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A Sub Prime Christmas

Written By Brian Hicks

Posted December 13, 2007


While the November U.S. retail sales figures released this morning seem to suggest that consumer spending actually surged by 1.2% last month, others aren’t so sure.

One of them no doubt would be Warren Buffett

That’s because in an interview with Becky Quick yesterday on CNBC, Buffett said that the daily figures from his own outlets, which include a broad range of companies in sectors ranging from food to furniture, indicated the season was "looking soft."

The culprit according to the Oracle of Omaha? A worsening housing market.

Here’s a perfect example from Nevada of exactly what he was talking about.

From the Associated Press entitled: Have yourself a sub prime little Christmas

"Jackie Castleberry won’t be playing Santa Claus this year.

The interest rate on her four-bedroom home loan shot up in October and she is $6,000 behind on her payments. She now owes $168,000 on her home, which once was worth $220,000 but is now worth about $150,000.

In the past, when times were tough, she would borrow against her home’s equity — that’s no longer possible.

"I was always seen as the person that’s giving, but it’s kind of affected this year," said Castleberry, a former casino buffet supervisor who now makes $11 an hour, 30 hours a week, supervising children before and after school. "This year, I can’t see anything right now as far as gifts."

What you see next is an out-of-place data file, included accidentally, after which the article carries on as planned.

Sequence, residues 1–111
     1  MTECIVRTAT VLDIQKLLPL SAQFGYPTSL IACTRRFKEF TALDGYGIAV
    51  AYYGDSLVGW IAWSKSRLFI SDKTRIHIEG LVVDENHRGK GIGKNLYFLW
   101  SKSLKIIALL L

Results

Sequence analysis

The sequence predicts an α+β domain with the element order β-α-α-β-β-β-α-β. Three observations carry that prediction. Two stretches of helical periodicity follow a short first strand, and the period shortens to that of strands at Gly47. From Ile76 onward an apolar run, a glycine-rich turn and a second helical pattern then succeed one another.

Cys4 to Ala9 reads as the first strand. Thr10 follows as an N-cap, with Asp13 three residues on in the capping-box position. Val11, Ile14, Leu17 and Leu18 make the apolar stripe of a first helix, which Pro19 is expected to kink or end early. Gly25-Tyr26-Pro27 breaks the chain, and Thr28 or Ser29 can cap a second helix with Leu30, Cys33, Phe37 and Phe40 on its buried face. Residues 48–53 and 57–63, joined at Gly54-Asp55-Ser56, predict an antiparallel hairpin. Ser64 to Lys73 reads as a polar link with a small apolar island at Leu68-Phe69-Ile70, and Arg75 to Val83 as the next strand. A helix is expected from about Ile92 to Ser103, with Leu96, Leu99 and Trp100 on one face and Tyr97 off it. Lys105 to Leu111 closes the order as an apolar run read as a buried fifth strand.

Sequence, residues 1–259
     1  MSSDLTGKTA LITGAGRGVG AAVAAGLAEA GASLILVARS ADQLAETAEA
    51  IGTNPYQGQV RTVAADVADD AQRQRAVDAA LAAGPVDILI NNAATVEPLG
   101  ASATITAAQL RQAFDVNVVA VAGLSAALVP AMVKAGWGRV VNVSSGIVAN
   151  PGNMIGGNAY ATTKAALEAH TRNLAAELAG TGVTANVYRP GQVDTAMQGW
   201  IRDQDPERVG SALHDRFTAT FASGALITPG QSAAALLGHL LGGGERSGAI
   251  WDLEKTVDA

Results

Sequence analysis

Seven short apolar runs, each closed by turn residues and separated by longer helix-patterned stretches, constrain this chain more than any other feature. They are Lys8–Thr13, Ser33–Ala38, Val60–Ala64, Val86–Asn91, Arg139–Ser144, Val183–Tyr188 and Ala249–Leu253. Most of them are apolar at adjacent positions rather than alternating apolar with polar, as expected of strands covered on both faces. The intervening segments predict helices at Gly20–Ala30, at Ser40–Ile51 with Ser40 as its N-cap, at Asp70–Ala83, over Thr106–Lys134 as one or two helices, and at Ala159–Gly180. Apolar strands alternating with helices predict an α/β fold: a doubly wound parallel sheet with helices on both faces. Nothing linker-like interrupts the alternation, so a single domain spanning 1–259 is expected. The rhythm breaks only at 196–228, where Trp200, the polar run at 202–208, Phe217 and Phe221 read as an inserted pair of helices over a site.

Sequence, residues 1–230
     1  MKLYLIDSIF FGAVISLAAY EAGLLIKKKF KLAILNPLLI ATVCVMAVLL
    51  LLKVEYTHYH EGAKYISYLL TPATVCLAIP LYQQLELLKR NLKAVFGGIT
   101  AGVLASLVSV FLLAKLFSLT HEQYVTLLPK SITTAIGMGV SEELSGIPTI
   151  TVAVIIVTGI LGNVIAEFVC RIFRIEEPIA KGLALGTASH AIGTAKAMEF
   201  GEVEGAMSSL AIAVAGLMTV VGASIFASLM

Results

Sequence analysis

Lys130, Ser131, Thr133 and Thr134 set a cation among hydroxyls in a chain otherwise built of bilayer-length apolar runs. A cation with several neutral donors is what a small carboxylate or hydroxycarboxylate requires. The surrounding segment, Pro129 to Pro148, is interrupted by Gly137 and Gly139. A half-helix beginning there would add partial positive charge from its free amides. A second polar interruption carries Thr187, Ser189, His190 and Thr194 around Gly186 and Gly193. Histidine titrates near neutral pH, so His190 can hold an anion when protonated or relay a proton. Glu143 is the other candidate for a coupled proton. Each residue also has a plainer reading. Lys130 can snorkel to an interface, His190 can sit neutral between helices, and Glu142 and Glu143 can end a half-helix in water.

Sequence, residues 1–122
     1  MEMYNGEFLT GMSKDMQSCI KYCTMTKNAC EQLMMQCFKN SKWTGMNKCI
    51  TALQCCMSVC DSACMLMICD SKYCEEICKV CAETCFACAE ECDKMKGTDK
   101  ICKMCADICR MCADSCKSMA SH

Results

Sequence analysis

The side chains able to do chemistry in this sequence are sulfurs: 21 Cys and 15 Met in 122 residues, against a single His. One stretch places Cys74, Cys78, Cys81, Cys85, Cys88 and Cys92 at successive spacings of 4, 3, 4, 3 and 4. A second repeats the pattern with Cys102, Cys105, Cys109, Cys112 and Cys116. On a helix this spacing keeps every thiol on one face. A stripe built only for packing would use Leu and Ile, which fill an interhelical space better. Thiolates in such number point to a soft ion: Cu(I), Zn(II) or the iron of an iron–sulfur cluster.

Castleberry is just one of thousands of homeowners nationwide who can no longer finance their spending by tapping into their once inflated, now depreciating home equity. Others can no longer afford their higher monthly payments due to a reset in their adjustable rate mortgages and have been foreclosed.

The subprime lending crisis is taking a toll on consumer spending, particularly in areas that have been hit hardest like Florida, California and Nevada. And it is one of the biggest factors behind what is expected to be the weakest holiday season in five years.

Money’s also tight for Deborah Vick, a Las Vegas home loan officer who says she’s cut back on spending since the housing slowdown took hold and cut her salary in half. She used to have a BMW and a Land Rover, but had to give up the BMW to a company that took over her $600 a month lease.

"If you have to give up a luxury item, which you probably shouldn’t have purchased in the first place, you know, for me it was a learning experience," she said.

"My daughter’s having a fabulous holiday. She always does," Vick said. "Am I going to go buy myself another car this year? No."

Never has the good of so many ever depended on the spending power of so few.

By the way: Within all of that "good" consumer news, there was also a giant lump of coal among the presents.

A record jump in gasoline prices has pushed wholesale inflation up by the largest amount in 34 years. In the report, The Labor Department said today that wholesale prices soared by 3.2 percent last month, propelled by a record 34.8 percent rise in gasoline costs.